The Democrats could be heading toward a defeat of historic proportions in November, but it is possible to imagine a scenario in which things might have turned out differently:
Since things on planet Earth, or, rather, Eaarth, aren’t going to so well, we’re seeing more people propose counterfactuals.
I don’t buy all of what conservative columnist David Brooks put forward in his NYT column, “The Alternate History” — the Democratic defeat is going to be grim, but unlikely to break historical records for mid-term elections — but the end is mostly dead on:
April  brought the cruelest fight: whether to spend the rest of the year getting health care reform or a new energy policy. Obama decided to do energy first. The economy was uppermost on everybody’s mind. Americans were wondering where new innovations would come from, what new jobs would emerge.
By doing energy first, Democrats were able to spend the entire summer talking about technological advances, private sector growth and breakthrough productivity gains.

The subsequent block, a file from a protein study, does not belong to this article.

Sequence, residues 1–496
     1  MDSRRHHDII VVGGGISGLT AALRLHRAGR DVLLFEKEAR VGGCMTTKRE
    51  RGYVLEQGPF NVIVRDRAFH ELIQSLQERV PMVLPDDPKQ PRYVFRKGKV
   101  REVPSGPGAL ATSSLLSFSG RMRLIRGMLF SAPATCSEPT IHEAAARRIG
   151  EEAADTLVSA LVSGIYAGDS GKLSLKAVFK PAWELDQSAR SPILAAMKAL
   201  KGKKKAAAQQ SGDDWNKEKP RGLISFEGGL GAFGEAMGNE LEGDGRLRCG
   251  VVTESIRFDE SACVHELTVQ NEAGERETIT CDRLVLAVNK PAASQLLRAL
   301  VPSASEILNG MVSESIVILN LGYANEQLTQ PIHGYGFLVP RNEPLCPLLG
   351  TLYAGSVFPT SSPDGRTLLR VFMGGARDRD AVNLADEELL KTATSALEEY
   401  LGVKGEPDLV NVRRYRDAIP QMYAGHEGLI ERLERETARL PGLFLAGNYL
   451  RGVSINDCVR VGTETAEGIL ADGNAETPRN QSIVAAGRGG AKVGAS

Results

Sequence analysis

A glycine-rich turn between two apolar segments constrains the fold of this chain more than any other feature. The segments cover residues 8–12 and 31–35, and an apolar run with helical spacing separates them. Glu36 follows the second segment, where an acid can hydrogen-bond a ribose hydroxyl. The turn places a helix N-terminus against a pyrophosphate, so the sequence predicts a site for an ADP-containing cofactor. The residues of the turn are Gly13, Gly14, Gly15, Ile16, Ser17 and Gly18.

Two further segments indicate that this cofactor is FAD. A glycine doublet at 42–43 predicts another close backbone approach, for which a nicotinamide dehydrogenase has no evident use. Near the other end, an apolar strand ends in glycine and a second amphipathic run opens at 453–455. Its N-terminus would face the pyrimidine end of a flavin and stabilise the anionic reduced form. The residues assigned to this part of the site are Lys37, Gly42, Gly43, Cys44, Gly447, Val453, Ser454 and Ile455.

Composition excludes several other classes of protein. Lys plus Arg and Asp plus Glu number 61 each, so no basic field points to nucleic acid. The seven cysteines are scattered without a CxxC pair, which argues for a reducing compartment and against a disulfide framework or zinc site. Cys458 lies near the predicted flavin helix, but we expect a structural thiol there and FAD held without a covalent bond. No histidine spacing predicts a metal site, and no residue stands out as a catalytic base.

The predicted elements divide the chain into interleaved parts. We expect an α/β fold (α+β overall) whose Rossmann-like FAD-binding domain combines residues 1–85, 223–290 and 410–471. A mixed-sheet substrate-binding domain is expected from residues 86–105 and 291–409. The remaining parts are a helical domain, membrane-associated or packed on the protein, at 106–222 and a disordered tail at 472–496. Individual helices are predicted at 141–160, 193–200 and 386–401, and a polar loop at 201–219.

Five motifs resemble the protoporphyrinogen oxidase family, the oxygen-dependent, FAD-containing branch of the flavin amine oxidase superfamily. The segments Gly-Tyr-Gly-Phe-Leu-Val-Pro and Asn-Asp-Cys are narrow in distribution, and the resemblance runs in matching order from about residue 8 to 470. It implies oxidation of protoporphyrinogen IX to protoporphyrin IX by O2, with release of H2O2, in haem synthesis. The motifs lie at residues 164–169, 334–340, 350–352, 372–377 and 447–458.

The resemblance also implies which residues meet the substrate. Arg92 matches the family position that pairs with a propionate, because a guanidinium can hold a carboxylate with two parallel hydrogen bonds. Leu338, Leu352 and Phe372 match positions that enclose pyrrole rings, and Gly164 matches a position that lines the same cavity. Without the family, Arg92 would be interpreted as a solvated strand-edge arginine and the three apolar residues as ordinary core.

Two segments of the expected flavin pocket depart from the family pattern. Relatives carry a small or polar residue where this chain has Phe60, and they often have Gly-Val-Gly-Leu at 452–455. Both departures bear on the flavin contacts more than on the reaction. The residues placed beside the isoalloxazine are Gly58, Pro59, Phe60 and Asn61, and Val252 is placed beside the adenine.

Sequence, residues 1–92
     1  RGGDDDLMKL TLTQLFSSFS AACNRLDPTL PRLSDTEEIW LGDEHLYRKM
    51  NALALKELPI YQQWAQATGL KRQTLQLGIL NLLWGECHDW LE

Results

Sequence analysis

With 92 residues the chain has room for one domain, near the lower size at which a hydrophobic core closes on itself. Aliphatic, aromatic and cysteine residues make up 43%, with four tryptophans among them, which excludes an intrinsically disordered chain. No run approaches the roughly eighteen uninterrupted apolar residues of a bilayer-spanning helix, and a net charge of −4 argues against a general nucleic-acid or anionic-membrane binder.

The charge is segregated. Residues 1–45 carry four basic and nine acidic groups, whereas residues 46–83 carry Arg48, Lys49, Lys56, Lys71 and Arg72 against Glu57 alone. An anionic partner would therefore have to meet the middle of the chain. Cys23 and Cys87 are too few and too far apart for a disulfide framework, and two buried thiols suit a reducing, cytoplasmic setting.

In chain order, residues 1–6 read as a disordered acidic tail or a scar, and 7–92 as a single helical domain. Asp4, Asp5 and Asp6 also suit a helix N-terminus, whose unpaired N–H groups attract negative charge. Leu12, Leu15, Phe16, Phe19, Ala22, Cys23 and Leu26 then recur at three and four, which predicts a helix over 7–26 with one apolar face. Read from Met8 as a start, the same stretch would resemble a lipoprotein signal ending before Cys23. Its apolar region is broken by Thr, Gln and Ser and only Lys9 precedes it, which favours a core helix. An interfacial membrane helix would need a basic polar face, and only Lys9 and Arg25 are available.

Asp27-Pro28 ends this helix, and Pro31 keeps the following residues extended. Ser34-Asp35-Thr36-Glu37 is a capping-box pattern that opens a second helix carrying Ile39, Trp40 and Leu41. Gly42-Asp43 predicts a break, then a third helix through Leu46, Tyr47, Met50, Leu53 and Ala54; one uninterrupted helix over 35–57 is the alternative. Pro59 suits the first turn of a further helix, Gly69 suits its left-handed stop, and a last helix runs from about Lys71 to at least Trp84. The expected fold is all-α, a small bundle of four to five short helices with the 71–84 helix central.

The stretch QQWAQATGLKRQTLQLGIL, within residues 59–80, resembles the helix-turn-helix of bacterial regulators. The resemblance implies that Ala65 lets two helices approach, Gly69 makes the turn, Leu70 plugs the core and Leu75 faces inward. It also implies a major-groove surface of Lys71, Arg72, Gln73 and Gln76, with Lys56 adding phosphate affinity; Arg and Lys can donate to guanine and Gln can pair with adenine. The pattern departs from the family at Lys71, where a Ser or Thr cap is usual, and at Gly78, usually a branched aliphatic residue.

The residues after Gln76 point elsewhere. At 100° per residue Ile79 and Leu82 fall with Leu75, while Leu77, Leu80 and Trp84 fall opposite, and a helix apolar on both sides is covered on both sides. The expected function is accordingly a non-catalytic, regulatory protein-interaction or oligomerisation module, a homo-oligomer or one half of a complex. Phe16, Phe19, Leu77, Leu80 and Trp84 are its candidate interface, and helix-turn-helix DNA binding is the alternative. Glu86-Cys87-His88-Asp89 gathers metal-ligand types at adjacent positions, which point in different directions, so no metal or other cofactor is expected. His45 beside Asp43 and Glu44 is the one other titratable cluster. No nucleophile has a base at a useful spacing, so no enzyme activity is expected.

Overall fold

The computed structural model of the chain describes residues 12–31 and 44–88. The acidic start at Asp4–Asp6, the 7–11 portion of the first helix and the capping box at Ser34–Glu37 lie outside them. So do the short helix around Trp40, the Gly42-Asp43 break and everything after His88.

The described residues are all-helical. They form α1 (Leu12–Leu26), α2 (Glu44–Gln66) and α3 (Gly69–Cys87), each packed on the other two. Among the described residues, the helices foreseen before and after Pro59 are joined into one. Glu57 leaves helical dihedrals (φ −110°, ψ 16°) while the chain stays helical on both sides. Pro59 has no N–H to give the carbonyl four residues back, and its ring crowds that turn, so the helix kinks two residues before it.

Obama toured one small business after another, and got his energy bill. In the fall, he gave a series of major speeches under the heading: “Our Children’s Economy.” He laid out a strategy for a century of growth.
Americans didn’t like all of it. But this wasn’t conventional big government liberalism. The Democrats seemed to be a serious party attending to serious things. When November 2010 rolled around, the unemployment rate was still high, but Democratic leaders had prepared voters for that. In the meantime, America was rebuilding its core, strengthening itself for better days ahead.
Future generations are likely to view Obama’s choice of health care over energy and climate legislation as a blunder of historic proportions:
- The failed presidency of Barack Obama, Part 1: Rolling Stone: “Instead of taking the fight to big polluters, President Obama has put global warming on the back burner.”